And Ma encourages Isabel to continue being a private investigator. Actually, she is just as excited as Isabel about finding new cases to solve. She says it is boring without one. I could hear my mother saying that.

Here is an excerpt from Missing the Deadline, no. 7, in which Isabel and her mother are at the home of Cyrus Nilsson, a noted poet who wants her to investigate the shooting of his first literary agent. They meet outside the home of the Big Shot Poet, Isabel’s secret nickname for him, and then shoo him inside so they can weigh the merits of the case. It’s a typical conversation between the two.

“What do you think, Ma? Should we take this case?”

“This would be more different than your others. This Gerald is alive, but we don’t know how bad off he is. He might not be very helpful at all. Or maybe he would be.” She pauses. “I would just insist on the usual list of people to interview. At the top should be this sister, Wendy. Without her, we won’t have much to go on.”

“I agree. And that guy Cole. Plus anyone Gerald might have crossed.” I think about my conversation with Cyrus and what I read online. “I wonder how long that list would be.”

“You’re the one who does the heavy lifting on these cases. What’s your gut feeling?”

“My gut feeling? How different is this to my other cases? I didn’t have a lot to go on at first, but I worked it out. The last one was nearly fifty years old. This one is a lot more recent, only three.”

“Plus, there are no guarantees you will find the culprit. You should remind Cyrus that. This man could have indeed tried to off himself.”

I smile hearing my mystery-loving mother use the words “culprit” and “off.” Yes, there are no guarantees I will be successful although I’d like to keep my winning streak going.

“Okay, let’s do it.”

My mother laughs. “Oh, boy, a new case. This will be good practice for the big one.”

“Yes, it would be nice to finally give Patsy some justice,” I say.

For those of you wondering, Patsy was my cousin who was kidnapped in my hometown when I was a kid. Her body was found buried years later when a wooded area was being cleared for a subdivision. Her killer was never found. It is a tragedy that still haunts our family. Do I have the P.I. smarts to solve it? I’m working on it.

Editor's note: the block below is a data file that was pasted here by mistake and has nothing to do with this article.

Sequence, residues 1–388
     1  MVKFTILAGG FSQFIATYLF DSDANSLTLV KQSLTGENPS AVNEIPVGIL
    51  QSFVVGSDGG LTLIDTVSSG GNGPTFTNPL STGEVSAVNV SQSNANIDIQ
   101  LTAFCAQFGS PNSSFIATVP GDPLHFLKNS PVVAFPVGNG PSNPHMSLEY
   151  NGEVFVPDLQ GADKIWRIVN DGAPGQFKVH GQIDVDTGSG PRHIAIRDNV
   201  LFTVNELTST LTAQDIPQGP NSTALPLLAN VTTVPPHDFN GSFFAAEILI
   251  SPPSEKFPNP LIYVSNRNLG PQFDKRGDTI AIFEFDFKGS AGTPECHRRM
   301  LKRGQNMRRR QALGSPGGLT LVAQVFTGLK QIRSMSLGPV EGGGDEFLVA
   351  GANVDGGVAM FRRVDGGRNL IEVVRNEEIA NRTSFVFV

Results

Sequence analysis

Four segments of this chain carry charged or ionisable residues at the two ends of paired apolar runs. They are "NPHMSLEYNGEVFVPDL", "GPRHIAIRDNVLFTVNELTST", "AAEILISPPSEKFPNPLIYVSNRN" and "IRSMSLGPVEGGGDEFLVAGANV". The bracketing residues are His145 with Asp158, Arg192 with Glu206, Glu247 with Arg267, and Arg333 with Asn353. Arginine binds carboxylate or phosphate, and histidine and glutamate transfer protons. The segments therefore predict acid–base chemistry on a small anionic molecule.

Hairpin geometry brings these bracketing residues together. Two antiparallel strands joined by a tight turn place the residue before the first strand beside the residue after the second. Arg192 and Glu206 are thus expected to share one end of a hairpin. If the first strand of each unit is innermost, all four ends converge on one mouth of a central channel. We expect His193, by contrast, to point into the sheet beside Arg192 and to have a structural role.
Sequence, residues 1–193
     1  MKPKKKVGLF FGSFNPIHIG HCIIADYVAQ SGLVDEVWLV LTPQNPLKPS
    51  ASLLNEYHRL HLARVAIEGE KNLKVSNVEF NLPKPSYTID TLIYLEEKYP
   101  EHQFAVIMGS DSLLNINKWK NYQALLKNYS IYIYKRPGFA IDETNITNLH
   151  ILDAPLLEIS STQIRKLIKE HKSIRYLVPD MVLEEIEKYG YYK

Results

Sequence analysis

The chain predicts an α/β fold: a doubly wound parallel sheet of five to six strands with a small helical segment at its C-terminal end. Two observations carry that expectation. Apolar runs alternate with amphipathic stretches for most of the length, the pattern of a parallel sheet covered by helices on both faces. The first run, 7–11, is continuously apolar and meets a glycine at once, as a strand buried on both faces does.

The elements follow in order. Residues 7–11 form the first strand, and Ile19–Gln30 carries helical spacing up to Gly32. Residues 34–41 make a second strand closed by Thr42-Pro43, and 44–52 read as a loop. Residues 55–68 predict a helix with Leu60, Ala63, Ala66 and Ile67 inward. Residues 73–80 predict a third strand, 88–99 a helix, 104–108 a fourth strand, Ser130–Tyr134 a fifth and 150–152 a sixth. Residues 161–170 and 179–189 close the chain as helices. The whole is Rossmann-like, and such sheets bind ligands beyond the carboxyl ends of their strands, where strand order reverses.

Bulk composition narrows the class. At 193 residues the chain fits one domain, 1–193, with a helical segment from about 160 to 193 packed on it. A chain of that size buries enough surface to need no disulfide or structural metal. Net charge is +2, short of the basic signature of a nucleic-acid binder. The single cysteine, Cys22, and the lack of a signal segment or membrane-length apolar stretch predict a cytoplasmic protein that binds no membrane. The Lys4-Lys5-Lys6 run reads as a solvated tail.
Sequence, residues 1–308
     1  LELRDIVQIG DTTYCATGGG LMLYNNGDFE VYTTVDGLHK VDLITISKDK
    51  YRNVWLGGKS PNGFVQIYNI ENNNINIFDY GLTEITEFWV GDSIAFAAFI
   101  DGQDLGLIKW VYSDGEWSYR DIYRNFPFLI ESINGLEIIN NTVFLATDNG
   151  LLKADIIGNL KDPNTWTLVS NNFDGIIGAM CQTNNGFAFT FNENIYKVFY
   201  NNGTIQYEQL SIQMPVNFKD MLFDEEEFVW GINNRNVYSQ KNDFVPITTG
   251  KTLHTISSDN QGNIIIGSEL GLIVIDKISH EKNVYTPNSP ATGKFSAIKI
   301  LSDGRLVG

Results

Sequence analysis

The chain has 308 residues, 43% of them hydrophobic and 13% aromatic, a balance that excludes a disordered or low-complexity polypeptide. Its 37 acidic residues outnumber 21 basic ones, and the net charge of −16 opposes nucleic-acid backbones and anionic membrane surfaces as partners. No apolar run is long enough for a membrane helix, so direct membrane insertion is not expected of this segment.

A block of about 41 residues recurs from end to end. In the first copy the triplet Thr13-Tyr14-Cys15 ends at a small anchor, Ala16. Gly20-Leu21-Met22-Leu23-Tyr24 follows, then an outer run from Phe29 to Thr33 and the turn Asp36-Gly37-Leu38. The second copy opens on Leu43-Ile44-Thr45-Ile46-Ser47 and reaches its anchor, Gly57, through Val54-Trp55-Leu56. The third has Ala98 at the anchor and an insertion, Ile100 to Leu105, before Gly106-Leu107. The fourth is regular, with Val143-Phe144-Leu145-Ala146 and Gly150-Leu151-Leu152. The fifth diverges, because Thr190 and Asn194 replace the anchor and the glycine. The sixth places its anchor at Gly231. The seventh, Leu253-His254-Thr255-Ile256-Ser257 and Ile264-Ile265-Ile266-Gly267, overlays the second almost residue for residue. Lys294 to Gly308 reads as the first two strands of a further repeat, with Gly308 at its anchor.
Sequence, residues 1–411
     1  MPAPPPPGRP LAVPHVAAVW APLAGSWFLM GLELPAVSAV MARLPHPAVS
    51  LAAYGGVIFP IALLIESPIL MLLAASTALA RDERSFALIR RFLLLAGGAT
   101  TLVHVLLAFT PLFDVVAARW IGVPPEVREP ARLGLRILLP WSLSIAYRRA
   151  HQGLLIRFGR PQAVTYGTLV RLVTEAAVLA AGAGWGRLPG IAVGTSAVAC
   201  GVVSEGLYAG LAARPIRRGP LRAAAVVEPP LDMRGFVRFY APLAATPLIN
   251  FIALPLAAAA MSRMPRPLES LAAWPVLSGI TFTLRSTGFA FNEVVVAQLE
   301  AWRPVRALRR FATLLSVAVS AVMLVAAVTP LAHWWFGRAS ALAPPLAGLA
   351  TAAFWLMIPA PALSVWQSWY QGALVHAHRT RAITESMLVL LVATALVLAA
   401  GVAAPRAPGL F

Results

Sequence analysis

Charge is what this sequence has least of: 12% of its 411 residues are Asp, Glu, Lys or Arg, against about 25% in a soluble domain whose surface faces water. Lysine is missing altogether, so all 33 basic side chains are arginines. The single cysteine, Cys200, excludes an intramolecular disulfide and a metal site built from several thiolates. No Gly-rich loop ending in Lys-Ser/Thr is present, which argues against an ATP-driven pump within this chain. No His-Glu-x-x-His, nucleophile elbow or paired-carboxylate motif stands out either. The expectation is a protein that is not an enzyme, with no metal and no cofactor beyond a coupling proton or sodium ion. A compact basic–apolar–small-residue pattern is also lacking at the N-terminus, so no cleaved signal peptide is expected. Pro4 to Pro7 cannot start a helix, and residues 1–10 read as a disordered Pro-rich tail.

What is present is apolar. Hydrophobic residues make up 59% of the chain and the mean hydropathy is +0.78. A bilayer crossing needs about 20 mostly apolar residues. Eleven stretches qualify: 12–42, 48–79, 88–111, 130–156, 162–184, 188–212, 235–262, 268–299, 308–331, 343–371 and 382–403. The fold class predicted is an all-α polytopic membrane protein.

I glance toward the house, where Cyrus hovers behind that window.

“Shall we keep him waiting longer?” I joke.

“Isabel,” my mother says in a voice I remember from my childhood that I may be pushing it.

“Oh, alright.”

Yes, that’s a photo of my mother above. And here’s the link to Missing the Deadline in case you are interested.

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Writing

Writing Two Books at the Same Time

Strange but true that I am writing two books at the same time. Let me explain how this makes perfect sense.

I began Finding the Source, next in my Isabel Long Mystery Series, on Dec. 3. I was inspired while making the final edits for no. 7, Missing the Deadline, which had a release three weeks later. Being in the thick of this story and its characters made me want to start another right away.

When writing novels, I aim for 500 words each day of the week, well, except for holidays and family visits. I started that practice when I worked as editor-in-chief, first for two daily newspapers, and then three at the same time. I got up at 5 a.m. (before the heat came on in the winter) and that was the amount of words I wrote before I left for the newsroom.

Actually, 500 is a satisfying amount of words that helps me maintain the quality of the book I’m writing while making progress. Sometimes I do go over, not realizing it until I look at the bottom of my novel’s document. But I found purposely trying to write longer took the fun out of it. That’s my experience anyway.

But now that I no longer have that job, I wanted to write more. Certainly writing for Substack and my website helped fulfill that desire. But recently I felt it wasn’t enough.

That’s when I found The Talking Table, a YA book I began the day after Christmas in 2022, according to the file’s info. Thinking about that time, I recalled certain family members got Covid, so our holiday gathering that year was postponed. Instead we had a quiet celebration with meals for those who were well and lived nearby.